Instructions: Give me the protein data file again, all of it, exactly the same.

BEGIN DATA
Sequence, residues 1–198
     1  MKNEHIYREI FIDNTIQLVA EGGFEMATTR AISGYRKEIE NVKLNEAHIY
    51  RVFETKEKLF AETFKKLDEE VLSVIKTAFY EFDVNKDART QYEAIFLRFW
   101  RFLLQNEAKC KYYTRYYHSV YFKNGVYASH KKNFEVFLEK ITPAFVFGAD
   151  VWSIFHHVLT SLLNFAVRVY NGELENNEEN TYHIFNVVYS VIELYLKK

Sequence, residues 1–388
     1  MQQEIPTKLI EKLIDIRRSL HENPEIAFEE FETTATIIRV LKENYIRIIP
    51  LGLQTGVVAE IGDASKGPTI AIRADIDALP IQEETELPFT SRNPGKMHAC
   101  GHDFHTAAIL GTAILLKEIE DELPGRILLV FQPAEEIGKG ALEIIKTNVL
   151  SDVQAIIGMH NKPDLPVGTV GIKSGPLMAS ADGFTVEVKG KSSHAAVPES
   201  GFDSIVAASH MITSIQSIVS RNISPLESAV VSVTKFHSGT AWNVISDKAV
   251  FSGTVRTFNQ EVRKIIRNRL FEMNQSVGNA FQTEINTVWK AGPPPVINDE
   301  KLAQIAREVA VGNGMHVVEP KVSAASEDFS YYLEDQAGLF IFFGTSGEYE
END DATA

Sequence, residues 1–198
     1  MKNEHIYREI FIDNTIQLVA EGGFEMATTR AISGYRKEIE NVKLNEAHIY
    51  RVFETKEKLF AETFKKLDEE VLSVIKTAFY EFDVNKDART QYEAIFLRFW
   101  RFLLQNEAKC KYYTRYYHSV YFKNGVYASH KKNFEVFLEK ITPAFVFGAD
   151  VWSIFHHVLT SLLNFAVRVY NGELENNEEN TYHIFNVVYS VIELYLKK

Sequence, residues 1–388
     1  MQQEIPTKLI EKLIDIRRSL HENPEIAFEE FETTATIIRV LKENYIRIIP
    51  LGLQTGVVAE IGDASKGPTI AIRADIDALP IQEETELPFT SRNPGKMHAC
   101  GHDFHTAAIL GTAILLKEIE DELPGRILLV FQPAEEIGKG ALEIIKTNVL
   151  SDVQAIIGMH NKPDLPVGTV GIKSGPLMAS ADGFTVEVKG KSSHAAVPES
   201  GFDSIVAASH MITSIQSIVS RNISPLESAV VSVTKFHSGT AWNVISDKAV
   251  FSGTVRTFNQ EVRKIIRNRL FEMNQSVGNA FQTEINTVWK AGPPPVINDE
   301  KLAQIAREVA VGNGMHVVEP KVSAASEDFS YYLEDQAGLF IFFGTSGEYE